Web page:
Backing up your footage is essential to any shoot. But if you're travelling light, you might think twice about bringing a laptop and several drives to back your footage. The Gnarbox 2.0 aims to solve this issue and is a well thought out solution to backing up your footage on the go.
So, the Gnarbox 2.0 is a portable SSD doesn't require a computer to back your files on to. There is a built-in SD card slot, along with a USB-C port for backing up any kind of media, as long as you can plug it into the USB-C port, you can back it up. There are two ways of controlling the drive, either plug in your media and use the controls and the LCD screen on the front to back up the footage with just a couple of button presses. Or, use the Safekeep app (which is our preferred method) to transfer, copy, view for files, just like you was on a computer.
What's great is that you don't have to copy the files across to the internal drive of the Gnarbox 2.0, you can plug in an external hard drive and copy files from the Gnarbox, or any other media just like you would expect from a laptop. Meaning that the Gnarbox 2.0 can effectively replace a laptop for file management and backing up on the go if you would like. The Gnarbox 2.0 doesn't just copy the files, it varifies the transfer after it takes place to ensure the transfer hasn't encountered any issues.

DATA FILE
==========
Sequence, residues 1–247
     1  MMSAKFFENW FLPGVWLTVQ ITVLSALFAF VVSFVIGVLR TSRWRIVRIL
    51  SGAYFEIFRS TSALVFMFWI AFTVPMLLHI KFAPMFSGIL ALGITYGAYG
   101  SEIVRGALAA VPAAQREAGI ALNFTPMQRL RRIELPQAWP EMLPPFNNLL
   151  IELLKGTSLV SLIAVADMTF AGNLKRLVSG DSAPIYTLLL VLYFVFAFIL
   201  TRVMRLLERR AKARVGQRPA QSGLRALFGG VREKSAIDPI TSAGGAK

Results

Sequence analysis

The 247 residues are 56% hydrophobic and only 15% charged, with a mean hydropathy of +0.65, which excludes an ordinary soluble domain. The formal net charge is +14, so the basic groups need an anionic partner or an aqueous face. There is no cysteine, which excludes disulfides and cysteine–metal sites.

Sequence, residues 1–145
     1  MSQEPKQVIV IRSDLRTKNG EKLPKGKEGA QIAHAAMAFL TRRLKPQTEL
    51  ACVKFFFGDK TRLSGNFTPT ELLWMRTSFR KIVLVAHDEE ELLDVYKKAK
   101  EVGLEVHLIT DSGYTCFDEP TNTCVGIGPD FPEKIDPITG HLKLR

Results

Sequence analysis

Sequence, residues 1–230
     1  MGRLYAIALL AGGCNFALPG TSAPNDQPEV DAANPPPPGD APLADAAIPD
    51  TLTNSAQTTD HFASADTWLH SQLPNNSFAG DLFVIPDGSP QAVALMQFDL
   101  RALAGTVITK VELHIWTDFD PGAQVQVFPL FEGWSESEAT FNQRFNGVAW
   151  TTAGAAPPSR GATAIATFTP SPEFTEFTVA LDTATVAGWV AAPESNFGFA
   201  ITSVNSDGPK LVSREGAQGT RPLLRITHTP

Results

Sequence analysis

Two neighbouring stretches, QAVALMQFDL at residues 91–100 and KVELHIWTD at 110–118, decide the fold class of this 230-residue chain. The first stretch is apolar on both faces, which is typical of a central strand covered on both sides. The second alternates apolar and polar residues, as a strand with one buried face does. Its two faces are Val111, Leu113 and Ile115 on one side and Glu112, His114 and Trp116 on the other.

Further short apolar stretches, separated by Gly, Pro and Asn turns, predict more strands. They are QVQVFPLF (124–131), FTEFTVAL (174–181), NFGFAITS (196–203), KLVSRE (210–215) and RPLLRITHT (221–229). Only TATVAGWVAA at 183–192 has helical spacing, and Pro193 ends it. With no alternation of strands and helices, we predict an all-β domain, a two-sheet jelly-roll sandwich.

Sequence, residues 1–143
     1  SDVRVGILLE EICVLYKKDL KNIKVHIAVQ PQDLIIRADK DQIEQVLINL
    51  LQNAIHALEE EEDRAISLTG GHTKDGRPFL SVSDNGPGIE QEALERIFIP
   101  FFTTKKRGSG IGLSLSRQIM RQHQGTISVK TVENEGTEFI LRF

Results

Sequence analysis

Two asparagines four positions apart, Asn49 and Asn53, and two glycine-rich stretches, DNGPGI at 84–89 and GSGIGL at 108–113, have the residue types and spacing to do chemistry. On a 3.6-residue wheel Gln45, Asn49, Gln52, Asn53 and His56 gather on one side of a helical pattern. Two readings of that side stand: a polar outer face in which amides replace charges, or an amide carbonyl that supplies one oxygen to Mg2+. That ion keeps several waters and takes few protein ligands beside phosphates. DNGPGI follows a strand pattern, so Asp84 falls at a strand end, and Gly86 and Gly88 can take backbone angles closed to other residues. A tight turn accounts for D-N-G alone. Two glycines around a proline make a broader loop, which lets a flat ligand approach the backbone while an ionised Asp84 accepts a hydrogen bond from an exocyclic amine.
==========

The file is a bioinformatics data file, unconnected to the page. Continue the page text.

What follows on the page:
One feature that we were extremely surprised to see, was the ability to see was the ability of the Gnarbox 2.0 to transcode footage to either 720p proxy files, or ProRes 422 files in the original files source resolution. Now if you regularly transcode footage to ProRes before editing, this could be a game-changer. Imagine transcoding your footage in the car back from a job, or even as the day goes along and having everything ready to go by the time you get back.
The Gnarbox 2.0 is being marketed as a 'Rugged' drive, and being an SSD it will be tougher than a spinning HDD, and the outer shell of the drive does seem very robust. There are videos out there where these drives do take some punishment and seem to continue working, so I have no doubt that they can take some punishment, although I would still avoid doing so if at all possible.
The drive comes in three different capacities, a 256GB, 512GB, and 1TB. Now you can't upgrade the capacity of the internal drive, which is worth keeping in mind, but you can of course plug in any drive via the USB-C port to expand the storage. The Gnarbox 2.0 is powered off of a removable battery, so don't need a mains power supply to use the drive, and can swap out the battery if you can't find anywhere to change the battery. Gnarbox claims that the battery lasts between 3 and 6 hours. We used the Gnarbox 2.0 to back up our footage on the go at IBC this year and the battery does drain quicker when transferring or transcoding footage which is worth keeping in mind.
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